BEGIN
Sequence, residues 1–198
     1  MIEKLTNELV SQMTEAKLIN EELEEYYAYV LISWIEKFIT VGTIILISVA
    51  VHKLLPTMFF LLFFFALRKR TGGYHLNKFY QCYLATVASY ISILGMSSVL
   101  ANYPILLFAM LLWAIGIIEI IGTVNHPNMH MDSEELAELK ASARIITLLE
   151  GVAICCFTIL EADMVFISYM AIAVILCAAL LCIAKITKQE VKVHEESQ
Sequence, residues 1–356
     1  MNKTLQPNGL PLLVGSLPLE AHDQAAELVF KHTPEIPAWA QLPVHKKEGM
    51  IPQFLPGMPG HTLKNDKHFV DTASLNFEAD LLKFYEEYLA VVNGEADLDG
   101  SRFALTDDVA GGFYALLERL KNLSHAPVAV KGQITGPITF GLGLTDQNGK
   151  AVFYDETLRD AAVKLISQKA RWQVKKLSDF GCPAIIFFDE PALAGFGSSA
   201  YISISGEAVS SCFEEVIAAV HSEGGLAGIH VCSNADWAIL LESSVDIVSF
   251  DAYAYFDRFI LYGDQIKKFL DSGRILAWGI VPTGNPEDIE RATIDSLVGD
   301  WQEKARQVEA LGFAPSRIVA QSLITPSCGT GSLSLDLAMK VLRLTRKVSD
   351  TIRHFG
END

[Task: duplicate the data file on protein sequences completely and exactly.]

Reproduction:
Sequence, residues 1–198
     1  MIEKLTNELV SQMTEAKLIN EELEEYYAYV LISWIEKFIT VGTIILISVA
    51  VHKLLPTMFF LLFFFALRKR TGGYHLNKFY QCYLATVASY ISILGMSSVL
   101  ANYPILLFAM LLWAIGIIEI IGTVNHPNMH MDSEELAELK ASARIITLLE
   151  GVAICCFTIL EADMVFISYM AIAVILCAAL LCIAKITKQE VKVHEESQ
Sequence, residues 1–356
     1  MNKTLQPNGL PLLVGSLPLE AHDQAAELVF KHTPEIPAWA QLPVHKKEGM
    51  IPQFLPGMPG HTLKNDKHFV DTASLNFEAD LLKFYEEYLA VVNGEADLDG
   101  SRFALTDDVA GGFYALLERL KNLSHAPVAV KGQITGPITF GLGLTDQNGK
   151  AVFYDETLRD AAVKLISQKA RWQVKKLSDF GCPAIIFFDE PALAGFGSSA
   201  YISISGEAVS SCFEEVIAAV HSEGGLAGIH VCSNADWAIL LESSVDIVSF
   251  DAYAYFDRFI LYGDQIKKFL DSGRILAWGI VPTGNPEDIE RATIDSLVGD
   301  WQEKARQVEA LGFAPSRIVA QSLITPSCGT GSLSLDLAMK VLRLTRKVSD
   351  TIRHFG